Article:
Tel: 905–690–4709 dk@tfwm.com - Darryl Kirkland, Publisher

Heartland Church: A Case Study

In 1998, suburban Chicago Heartland Church began meeting in a rented auditorium on the campus of University of Illinois – Rockford College of Medicine. From the beginning, the church has relied heavily upon video teaching, presenting its religious lessons on a big screen during services.

By 2005, to handle these large services, Heartland purchased a 350-thousand sq. ft. shopping mall and began converting 150-thousand sq. ft. of it into a new church with three auditoriums. This called for a $4 million video production renovation in the main auditorium, with the church’s existing equipment serving the other two halls.

Heartland had relied on the Clear-Com party-line intercom system since the beginning. “With the complexity of services increasing, it was to the point that there was so much communication going on that it was getting confusing on a party-line,” said Brent Hayes, owner of SVL Productions, which contracts for video equipment integration, and serves as director of technical services for the church.

“With the shaders, camera guys, graphics, directors and producers on the same channel, it got very complicated to do a service,” he said. “We needed the ability to do point-to-point communication, which led us to Clear-Com’s Eclipse Omega matrix system.”

The ability of the Eclipse matrix in the main auditorium to work with the Clear-Com party-line systems in the other two auditoriums is key to Heartland.

The church also needed mobility for some of its production staff. For these crewmembers, Heartland bought five of Clear-Com’s CellCom wireless headsets, which seamlessly integrate into the Eclipse Omega matrix.

“Some of these crewmembers are producing for the main room, some of them are producing for the building,” said Hayes. “So they’re able to walk around and have constant communications with everything that’s going on.”

Since the CellCom headsets work like cellular telephones, handing off from one antenna to the next, the church has strategically planned placement of seven antennas to give the headsets connectivity throughout the new building.

As heavy users of wireless microphones, more than 30, that work in the licensed UHF band, Heartland Church also benefits from the fact that CellCom headsets work in unlicensed spectrum, where they cannot interfere with the church’s RF microphones.

Flexibility was a key feature the church looked for in its new intercom. Heartland’s video production staff ranges from full-time video professionals, who pre-produce video materials during the week, to a crew including volunteers who staff the weekend services. Hayes pointed out that the Eclipse intercom system does not force new volunteer crewmembers to learn sophisticated operating techniques for their intercom stations.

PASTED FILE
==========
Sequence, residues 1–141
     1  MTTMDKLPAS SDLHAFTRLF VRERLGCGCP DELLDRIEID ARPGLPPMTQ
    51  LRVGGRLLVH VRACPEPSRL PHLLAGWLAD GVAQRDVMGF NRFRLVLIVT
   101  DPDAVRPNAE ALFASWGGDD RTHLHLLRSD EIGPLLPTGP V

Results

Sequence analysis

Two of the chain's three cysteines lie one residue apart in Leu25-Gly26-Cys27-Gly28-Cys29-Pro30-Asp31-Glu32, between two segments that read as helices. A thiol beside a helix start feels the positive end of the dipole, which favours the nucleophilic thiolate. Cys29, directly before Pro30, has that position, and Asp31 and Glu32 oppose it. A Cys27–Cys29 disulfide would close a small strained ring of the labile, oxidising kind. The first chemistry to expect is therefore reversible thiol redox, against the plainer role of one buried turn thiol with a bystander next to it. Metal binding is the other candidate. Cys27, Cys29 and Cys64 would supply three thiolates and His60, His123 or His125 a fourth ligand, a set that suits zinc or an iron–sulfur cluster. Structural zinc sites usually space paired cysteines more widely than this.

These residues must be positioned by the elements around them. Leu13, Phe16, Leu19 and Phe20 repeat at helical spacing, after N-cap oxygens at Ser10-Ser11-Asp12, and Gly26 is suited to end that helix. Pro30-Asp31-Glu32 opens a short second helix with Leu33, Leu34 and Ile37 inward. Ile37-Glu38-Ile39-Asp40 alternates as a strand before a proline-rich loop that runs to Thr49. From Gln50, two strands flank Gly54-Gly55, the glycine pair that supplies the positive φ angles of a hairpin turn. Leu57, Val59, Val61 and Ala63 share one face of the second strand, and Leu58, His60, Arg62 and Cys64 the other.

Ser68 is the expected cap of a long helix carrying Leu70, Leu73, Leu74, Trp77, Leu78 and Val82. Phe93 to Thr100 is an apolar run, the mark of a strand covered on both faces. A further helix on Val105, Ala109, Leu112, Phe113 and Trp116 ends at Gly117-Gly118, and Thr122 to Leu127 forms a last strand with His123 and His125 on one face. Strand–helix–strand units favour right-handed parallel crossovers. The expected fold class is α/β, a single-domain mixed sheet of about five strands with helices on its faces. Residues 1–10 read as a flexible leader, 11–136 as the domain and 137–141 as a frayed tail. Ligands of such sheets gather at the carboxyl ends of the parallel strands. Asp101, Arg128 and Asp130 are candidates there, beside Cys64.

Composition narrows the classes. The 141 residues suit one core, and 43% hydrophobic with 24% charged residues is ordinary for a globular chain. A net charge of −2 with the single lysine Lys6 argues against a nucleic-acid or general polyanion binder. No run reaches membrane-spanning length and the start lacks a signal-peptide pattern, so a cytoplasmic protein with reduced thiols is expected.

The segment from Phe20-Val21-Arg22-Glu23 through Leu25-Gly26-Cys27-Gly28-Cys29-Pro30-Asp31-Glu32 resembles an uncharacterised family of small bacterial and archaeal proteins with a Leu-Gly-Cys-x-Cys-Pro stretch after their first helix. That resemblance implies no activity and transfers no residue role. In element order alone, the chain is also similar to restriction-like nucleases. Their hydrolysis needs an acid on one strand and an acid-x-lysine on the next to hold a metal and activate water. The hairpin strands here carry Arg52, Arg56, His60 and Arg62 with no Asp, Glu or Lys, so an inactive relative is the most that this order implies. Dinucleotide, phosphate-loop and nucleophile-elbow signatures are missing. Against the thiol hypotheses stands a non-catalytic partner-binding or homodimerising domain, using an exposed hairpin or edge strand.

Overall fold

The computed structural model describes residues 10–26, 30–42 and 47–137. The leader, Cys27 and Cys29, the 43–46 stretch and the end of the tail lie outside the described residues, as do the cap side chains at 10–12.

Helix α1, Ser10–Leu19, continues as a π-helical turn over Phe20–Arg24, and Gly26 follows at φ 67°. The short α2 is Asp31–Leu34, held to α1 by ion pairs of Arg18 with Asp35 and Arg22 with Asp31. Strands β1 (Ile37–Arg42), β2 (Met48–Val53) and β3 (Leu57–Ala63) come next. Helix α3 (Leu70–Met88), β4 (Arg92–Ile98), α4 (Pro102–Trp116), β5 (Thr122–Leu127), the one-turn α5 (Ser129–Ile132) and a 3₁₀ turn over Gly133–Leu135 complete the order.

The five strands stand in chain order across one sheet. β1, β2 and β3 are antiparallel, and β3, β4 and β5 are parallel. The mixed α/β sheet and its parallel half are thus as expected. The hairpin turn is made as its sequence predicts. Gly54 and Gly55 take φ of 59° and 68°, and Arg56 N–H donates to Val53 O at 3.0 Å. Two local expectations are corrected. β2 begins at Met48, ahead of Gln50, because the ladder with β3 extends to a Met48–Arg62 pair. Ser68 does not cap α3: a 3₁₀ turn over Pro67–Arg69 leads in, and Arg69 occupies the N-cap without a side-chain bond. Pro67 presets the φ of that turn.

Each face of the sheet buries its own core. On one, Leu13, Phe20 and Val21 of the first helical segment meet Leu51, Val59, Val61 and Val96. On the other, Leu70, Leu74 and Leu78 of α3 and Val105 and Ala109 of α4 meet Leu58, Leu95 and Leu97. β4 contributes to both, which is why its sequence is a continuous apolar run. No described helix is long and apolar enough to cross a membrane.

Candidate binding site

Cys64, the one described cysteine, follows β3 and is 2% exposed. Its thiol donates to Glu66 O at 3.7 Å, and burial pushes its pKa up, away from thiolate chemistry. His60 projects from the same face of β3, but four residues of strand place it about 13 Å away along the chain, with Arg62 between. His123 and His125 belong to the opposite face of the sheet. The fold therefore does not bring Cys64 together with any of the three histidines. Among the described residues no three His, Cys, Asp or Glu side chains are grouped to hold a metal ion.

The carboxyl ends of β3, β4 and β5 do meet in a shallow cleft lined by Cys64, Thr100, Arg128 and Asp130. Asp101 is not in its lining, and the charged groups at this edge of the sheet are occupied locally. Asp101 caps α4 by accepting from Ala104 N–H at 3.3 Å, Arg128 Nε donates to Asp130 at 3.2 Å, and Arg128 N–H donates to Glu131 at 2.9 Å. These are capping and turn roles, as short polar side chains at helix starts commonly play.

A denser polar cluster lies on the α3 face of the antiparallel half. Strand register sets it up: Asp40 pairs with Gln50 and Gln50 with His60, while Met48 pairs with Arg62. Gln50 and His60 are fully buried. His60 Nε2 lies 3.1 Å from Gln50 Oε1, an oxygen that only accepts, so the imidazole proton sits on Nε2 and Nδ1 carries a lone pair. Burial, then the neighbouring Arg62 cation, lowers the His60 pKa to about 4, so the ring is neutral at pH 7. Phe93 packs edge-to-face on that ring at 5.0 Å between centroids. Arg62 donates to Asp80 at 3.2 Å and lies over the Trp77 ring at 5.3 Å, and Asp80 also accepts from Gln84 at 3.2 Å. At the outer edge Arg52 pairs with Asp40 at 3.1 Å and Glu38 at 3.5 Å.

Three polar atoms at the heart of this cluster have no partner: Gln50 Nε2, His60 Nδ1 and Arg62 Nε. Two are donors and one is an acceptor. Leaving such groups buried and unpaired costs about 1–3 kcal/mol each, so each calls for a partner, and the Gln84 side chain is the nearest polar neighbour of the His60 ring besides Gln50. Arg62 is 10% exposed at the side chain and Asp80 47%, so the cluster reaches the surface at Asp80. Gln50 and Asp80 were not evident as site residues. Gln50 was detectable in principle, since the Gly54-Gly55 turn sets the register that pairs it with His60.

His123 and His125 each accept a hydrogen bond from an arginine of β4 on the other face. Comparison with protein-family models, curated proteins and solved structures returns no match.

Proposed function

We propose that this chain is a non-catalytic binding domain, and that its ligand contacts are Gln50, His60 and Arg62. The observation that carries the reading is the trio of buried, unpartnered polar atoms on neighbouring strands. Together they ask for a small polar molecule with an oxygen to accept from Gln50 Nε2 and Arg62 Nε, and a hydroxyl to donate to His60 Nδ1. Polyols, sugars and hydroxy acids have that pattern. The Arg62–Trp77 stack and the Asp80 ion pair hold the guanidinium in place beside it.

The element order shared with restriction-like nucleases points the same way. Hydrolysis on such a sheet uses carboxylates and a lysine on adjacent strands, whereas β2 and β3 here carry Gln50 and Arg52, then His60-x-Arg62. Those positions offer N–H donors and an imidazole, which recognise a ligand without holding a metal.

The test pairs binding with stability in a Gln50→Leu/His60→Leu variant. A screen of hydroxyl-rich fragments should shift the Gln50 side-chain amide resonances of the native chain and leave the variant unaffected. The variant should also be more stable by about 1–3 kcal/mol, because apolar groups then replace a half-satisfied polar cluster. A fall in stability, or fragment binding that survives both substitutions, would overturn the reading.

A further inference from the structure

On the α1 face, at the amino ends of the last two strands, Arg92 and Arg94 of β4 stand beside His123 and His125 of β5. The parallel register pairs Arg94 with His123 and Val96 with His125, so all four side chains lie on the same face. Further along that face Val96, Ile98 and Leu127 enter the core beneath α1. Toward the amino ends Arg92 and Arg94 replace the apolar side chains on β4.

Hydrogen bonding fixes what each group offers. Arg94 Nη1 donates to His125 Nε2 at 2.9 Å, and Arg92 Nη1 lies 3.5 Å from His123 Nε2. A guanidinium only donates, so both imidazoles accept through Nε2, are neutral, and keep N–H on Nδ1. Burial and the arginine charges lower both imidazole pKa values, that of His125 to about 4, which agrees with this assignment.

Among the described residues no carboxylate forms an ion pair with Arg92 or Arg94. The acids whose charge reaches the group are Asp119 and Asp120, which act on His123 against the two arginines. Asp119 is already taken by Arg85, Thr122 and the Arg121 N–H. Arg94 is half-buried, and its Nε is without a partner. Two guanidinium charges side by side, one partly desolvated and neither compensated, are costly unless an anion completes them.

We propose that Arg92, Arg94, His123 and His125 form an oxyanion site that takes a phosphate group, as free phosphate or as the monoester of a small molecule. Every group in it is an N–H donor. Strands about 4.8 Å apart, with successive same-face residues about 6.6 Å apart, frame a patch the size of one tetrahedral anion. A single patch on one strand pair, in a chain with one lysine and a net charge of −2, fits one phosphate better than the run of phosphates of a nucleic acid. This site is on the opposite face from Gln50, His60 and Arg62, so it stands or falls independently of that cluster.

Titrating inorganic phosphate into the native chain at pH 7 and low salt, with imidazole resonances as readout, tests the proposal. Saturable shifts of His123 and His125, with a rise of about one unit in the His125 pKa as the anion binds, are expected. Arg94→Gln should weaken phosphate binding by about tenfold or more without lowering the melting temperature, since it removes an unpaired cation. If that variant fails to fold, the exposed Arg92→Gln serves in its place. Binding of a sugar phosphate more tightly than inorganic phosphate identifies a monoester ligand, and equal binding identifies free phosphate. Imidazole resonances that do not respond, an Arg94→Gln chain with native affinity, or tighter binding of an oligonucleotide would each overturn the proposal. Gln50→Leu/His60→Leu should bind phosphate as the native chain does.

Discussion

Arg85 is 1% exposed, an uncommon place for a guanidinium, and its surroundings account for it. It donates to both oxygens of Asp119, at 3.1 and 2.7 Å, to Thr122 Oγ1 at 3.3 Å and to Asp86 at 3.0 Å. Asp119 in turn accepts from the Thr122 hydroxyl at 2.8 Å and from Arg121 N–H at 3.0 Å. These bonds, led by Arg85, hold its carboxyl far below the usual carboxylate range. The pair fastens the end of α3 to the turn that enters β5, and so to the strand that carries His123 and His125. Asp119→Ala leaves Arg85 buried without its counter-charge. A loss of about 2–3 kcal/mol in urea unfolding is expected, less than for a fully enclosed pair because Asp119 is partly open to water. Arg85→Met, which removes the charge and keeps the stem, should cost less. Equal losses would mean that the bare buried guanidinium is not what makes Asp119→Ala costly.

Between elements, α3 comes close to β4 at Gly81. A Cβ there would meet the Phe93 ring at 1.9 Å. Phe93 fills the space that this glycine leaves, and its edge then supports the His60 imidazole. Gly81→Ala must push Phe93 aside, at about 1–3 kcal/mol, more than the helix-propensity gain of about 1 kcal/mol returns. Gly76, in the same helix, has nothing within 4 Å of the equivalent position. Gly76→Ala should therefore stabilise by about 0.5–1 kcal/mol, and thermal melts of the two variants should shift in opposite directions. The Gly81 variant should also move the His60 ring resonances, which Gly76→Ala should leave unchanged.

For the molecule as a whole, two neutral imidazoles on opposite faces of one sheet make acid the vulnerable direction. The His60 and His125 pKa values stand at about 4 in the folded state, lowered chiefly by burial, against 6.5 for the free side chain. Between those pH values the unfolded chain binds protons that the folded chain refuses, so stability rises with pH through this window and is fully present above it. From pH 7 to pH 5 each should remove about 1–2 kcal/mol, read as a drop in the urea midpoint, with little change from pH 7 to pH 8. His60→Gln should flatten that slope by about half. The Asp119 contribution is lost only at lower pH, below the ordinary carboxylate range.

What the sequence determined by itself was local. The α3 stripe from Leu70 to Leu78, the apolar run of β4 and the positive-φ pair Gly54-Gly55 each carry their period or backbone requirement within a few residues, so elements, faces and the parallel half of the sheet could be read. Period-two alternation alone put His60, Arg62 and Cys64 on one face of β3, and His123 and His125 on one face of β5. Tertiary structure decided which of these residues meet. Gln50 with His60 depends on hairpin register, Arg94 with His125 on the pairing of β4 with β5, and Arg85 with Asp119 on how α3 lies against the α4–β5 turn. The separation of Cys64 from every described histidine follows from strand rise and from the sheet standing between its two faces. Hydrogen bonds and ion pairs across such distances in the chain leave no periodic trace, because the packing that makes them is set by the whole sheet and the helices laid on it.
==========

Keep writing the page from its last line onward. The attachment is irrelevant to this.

“The nice thing about it was that we were able to use the matrix system as a party-line system as people were getting used to what the buttons were and where everything was. Now they’re graduating into point-to-point communications.”

He noted that some members of the crew still prefer to operate in a simple, party-line mode, and that each crewmember’s intercom station can be customized individually.

For the producers, however, point-to-point communication is key. “If a producer needs to specifically talk to a person, they have the ability to do that privately, where before everybody had to hear that conversation,” he said. “Or if a producer wants to talk with everybody, they can push a button and do that too.”

“Mike Rucker (Southwestern/Midwestern Regional Sales Manager for Clear-Com) helped with a lot of the design elements to make sure we had all the bits and pieces in place, and had everything we needed. The installation was actually a breeze, very simple, very clear in what we needed to do. We did have Clear-Com come in and help us with the mapping, because it’s fairly complicated and complex. That was money well spent, because the system has the ability to do a lot of things, and this way we got more out of it than we might have if we’d tried to configure it ourselves.”

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